Factfile | Bhutan | india | Hindustan Times
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Factfile | Bhutan

Bhutan lies nestled in the Himalayas between India and China and has one of the world's smallest and least developed economies.

india Updated: Dec 16, 2006 15:36 IST

Bhutan, where King Wangchuck has announced his abdication in favour of his eldest son, lies nestled in the Himalayas between India and China and has one of the world's smallest and least developed economies.

Most of its largely Buddhist population live by subsistence farming, animal husbandry and forestry.

A mainstay of its farm output is hot peppers used in the national dish of melted cheese and rice called ema datse.

Around 100,000 ethnic Nepalis who claim Bhutanese citizenship have been living as refugees in United Nations refugee camps in Nepal since 1991.

Population: around 600,000

Adult literacy: not available

Infant mortality rate: 70 per 1,000 live births

Population below poverty line: not available

GDP per capita: 797 dollars in 2003

Public health expenditure: 4.1 per cent of GDP in 2002

Physicians per 100,000 population: 5

Political chronology:

1907: Britain recognises the monarchy on December 17. The day is celebrated as the National Day of Bhutan, which is also known as the 'Land of the Thunder Dragon'.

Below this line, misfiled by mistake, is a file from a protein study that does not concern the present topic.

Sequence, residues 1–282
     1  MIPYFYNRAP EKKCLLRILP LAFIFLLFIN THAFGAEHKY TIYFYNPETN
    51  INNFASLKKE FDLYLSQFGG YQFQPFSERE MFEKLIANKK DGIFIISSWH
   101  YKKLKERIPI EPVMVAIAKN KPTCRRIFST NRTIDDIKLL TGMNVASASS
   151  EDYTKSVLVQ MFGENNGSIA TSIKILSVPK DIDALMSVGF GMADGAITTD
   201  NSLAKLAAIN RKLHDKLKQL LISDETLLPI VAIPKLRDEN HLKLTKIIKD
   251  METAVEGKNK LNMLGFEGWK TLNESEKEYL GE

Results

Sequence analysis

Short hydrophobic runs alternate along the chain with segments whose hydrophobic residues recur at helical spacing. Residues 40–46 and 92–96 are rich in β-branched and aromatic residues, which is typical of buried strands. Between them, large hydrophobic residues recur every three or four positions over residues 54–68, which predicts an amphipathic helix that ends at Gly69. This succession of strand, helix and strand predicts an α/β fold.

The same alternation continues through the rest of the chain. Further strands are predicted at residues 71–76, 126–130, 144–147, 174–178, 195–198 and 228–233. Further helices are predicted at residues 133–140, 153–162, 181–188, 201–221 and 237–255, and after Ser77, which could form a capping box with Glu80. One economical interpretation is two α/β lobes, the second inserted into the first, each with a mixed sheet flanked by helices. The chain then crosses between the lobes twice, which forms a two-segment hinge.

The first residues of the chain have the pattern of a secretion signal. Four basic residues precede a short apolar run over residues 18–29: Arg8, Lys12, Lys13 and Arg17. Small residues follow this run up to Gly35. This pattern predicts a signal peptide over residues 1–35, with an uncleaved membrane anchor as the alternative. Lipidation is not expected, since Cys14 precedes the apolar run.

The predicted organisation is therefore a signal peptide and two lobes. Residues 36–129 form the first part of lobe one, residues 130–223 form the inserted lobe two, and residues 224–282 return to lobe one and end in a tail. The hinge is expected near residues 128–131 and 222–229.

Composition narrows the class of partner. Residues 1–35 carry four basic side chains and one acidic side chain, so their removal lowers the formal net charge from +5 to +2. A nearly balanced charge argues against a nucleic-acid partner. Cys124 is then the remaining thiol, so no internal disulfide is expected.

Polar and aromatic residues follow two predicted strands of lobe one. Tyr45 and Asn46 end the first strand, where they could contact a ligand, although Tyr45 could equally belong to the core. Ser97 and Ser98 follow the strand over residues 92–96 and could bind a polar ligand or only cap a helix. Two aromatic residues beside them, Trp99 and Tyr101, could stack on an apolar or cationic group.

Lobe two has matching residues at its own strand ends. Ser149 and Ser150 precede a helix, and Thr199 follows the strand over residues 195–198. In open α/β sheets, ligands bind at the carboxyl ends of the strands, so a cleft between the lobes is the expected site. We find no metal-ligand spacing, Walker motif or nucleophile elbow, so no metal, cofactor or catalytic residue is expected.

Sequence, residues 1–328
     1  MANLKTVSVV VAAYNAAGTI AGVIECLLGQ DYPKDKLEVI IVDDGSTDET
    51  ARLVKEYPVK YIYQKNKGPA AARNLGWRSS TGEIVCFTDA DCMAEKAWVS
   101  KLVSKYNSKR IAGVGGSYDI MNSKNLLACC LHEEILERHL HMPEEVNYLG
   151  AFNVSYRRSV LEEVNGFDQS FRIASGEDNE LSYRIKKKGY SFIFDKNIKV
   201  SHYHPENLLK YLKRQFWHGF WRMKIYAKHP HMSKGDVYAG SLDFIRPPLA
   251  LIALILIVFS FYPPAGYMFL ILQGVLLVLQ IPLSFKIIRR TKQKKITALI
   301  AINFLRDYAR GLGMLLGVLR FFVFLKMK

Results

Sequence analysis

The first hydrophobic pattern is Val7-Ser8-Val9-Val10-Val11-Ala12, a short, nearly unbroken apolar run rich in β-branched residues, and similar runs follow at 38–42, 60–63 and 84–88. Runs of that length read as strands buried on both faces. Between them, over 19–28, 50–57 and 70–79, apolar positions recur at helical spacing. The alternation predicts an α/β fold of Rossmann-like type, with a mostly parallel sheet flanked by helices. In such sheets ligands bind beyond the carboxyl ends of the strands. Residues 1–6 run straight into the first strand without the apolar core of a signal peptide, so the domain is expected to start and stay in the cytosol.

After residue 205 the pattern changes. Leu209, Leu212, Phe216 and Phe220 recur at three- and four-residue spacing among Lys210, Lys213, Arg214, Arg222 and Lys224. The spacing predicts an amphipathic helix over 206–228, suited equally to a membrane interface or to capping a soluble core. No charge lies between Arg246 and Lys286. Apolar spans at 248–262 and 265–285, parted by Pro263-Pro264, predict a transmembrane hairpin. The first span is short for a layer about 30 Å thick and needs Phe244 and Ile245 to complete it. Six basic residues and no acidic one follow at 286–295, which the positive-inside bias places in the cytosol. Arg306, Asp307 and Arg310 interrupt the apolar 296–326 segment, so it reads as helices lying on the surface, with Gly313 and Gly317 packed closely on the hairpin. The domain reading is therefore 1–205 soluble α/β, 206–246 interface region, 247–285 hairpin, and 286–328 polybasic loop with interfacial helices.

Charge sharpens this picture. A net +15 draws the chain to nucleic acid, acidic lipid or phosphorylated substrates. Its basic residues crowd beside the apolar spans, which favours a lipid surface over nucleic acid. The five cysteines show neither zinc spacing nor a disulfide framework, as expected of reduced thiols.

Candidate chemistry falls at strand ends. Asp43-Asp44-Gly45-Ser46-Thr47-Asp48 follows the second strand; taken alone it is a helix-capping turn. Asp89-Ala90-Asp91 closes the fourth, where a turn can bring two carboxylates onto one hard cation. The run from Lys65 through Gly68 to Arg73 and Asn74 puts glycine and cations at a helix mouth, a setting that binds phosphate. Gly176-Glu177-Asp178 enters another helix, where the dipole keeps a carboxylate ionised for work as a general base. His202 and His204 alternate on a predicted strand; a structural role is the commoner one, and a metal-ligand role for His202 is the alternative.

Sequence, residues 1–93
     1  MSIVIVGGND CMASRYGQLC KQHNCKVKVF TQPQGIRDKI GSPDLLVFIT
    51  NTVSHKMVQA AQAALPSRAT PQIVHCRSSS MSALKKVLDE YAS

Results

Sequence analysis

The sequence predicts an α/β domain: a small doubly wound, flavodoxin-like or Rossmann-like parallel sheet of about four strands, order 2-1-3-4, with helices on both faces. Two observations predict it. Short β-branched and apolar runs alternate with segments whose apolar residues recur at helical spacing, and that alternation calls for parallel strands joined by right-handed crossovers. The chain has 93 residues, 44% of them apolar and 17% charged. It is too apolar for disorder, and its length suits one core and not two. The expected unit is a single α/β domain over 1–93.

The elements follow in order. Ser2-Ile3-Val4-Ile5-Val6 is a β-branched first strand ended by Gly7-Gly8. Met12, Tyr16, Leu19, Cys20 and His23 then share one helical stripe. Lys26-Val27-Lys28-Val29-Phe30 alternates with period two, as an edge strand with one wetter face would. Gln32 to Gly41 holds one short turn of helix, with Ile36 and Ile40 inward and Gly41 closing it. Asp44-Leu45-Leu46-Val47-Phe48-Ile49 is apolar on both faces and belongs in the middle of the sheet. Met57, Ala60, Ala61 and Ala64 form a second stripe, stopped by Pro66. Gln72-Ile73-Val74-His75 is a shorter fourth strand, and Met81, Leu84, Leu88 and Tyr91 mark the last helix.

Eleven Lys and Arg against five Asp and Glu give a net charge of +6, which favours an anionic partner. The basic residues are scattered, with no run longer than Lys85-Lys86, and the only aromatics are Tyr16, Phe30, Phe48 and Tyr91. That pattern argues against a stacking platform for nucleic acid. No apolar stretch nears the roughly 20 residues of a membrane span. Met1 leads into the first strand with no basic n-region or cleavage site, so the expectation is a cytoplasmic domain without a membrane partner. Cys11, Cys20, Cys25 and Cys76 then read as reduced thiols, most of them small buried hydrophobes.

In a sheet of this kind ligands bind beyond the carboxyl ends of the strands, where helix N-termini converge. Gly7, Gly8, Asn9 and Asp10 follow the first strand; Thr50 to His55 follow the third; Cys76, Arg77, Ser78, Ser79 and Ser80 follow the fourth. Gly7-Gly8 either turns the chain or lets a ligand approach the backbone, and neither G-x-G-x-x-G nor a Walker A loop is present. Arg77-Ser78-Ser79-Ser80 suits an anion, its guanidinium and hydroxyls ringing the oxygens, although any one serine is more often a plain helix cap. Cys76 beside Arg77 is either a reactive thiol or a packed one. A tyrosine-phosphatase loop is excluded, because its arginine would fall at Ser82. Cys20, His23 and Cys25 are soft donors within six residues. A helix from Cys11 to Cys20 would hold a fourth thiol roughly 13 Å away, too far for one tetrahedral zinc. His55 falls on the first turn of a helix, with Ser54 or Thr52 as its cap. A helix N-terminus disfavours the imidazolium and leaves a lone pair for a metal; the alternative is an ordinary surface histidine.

1971: The United Nations recognises Bhutan as a sovereign state.

1972: Oxford-educated Jigme Singye Wangchuk becomes the world's youngest monarch and Bhutan's fourth hereditary king at the age of 17 after his father, Jigme Dorji, dies.

1990: King Wangchuck expels 100,000 ethnic Nepali Bhutanese, drawing condemnation from human rights groups and the UN.

1999: The country allows television broadcasts for the first time, following people's demands that they be able to watch football's World Cup.

2005: On March 26, the king distributes a draft of Bhutan's first constitution, asking his people to review the paper.

Bhutan's proposed parliament is to include a 75-member national assembly and a 25-member national council, with the king as head of state.

2005: Less than nine months later, King Wangchuck promises to abdicate power in 2008 when the monarchy will be 100 years old.

2006: On December 14 King Wangchuk announces his abdication in favour of his Oxford-educated son, Crown Prince Jigme Khesar Namgyel Wangchuck, giving no explanation for his decision to relinquish power early.